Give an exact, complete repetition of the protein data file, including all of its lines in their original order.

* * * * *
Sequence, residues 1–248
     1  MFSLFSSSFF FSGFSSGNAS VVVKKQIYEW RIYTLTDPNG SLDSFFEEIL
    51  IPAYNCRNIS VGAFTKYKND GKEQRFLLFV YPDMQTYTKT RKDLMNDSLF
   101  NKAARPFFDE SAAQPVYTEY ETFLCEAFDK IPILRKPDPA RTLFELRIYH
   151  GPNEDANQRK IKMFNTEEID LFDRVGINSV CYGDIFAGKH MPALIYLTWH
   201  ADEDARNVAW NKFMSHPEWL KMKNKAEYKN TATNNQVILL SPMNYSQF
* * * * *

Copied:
Sequence, residues 1–248
     1  MFSLFSSSFF FSGFSSGNAS VVVKKQIYEW RIYTLTDPNG SLDSFFEEIL
    51  IPAYNCRNIS VGAFTKYKND GKEQRFLLFV YPDMQTYTKT RKDLMNDSLF
   101  NKAARPFFDE SAAQPVYTEY ETFLCEAFDK IPILRKPDPA RTLFELRIYH
   151  GPNEDANQRK IKMFNTEEID LFDRVGINSV CYGDIFAGKH MPALIYLTWH
   201  ADEDARNVAW NKFMSHPEWL KMKNKAEYKN TATNNQVILL SPMNYSQF